One data point which is improving is the unemployment claims data and you generally don’t get a recession unless this data point is deteriorating. Last week the claims data dropped sharply to 391K from 428K. The BLS wrote a cautionary note that the dramatic improvement was probably due to some technicalities with seasonal adjustments. But this week the claims data only jumped to 401K and last week was revised up to 395K. So the average for last 2 weeks is 398K which is better than most of the readings this year.
A lot of retailers reported their September sales today and a majority of them did pretty good. Looking at the data so far it is hard to believe we have slipped into a recession. We may get there in a few months. Last week, Lakshman Achuthan from ECRI made a very strong call that we are definitely going to have a recession. ECRI has a pretty good track record and it is pretty uncharacteristic of economists to be so emphatic about their prediction. The other side of this recession call is being taken by Warren Buffet and CEO of Fedex who claim the business activity they are seeing doesn’t portend a recession. Considering what has been thrown at this economy from a confidence sapping debt limit fight, European problems, S&P downgrade of US debt and global fall in equity prices – I think the economic data is actually holding up quite well.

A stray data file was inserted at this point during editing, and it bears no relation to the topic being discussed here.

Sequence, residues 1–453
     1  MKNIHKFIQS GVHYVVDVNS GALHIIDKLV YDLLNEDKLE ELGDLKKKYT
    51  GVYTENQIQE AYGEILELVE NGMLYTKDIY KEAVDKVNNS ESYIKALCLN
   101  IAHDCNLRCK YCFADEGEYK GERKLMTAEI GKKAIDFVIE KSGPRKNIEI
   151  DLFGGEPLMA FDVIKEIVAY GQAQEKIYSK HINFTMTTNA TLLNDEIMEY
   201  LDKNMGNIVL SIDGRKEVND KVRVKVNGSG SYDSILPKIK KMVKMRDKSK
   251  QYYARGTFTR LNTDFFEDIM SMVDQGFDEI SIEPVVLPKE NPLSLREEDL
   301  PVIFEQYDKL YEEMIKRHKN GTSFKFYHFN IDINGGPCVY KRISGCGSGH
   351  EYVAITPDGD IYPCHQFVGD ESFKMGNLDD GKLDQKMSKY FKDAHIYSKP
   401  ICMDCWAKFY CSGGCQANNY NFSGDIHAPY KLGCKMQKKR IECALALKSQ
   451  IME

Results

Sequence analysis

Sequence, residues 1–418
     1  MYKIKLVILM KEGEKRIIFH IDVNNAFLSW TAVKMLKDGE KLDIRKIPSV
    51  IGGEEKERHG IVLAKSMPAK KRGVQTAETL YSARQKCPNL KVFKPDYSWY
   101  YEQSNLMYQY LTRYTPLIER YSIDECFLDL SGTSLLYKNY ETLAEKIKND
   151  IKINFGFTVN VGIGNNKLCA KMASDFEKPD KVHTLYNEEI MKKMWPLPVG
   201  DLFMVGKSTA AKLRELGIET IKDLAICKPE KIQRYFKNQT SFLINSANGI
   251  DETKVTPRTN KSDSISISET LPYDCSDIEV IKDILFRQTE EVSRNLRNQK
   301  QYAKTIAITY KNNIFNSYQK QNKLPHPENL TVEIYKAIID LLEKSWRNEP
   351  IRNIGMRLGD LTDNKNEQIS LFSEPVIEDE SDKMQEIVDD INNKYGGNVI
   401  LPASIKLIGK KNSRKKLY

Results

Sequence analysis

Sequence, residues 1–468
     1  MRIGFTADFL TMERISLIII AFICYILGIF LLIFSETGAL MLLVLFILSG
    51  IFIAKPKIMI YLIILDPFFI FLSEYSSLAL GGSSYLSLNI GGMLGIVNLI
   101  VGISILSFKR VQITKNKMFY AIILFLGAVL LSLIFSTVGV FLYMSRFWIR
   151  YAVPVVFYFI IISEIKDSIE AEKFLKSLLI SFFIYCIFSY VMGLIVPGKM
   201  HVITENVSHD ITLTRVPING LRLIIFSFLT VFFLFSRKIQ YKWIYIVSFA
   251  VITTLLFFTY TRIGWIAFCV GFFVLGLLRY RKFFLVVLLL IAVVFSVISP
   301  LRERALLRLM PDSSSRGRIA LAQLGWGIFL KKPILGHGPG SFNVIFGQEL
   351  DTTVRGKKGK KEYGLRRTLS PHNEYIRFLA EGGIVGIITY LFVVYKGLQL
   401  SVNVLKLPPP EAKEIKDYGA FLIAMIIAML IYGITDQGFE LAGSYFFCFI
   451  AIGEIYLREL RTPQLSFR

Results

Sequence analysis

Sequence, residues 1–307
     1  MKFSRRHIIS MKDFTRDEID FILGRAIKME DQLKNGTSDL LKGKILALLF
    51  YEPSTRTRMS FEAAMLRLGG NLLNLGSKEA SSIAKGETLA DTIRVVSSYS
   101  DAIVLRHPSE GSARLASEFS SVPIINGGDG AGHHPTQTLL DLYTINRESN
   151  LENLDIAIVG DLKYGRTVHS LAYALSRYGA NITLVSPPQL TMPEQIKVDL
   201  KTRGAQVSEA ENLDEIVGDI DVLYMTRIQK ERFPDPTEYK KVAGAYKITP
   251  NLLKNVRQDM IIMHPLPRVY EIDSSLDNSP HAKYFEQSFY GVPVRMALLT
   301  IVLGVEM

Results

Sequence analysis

Regarding the market, the main catalyst for the rally of the last few days seems to be the commitment by European politicians that they need to recapitalize their banks. The rally started late Tuesday afternoon when the FT broke a story that at a meeting of European finance ministers their was broad agreement about recapitalizing European banks. The Europeans had so far been concentrating on fixing the problem by buying bad debt. Now they are thinking about dealing with fixing the banks directly. This is actually very similar to what happened in the US. The original purpose of TARP was to buy toxic loans but Treasury secretary Hank Paulson quickly realized that it would be full of problems and TARP was instead used to recapitalize banks. The US banks stress tests in 2009 further forced banks to raise more capital. These two actions are what really started the market rally in Spring of 2009 and recovery in the US. The Europeans have also done their own bank stress tests in the past but the general perception is that they are not really stressful. But now there is talk of again redoing the stress tests. This is a sign that these are early steps to determine the effect of a Greek default but now there will be a plan to recapitalize the banks.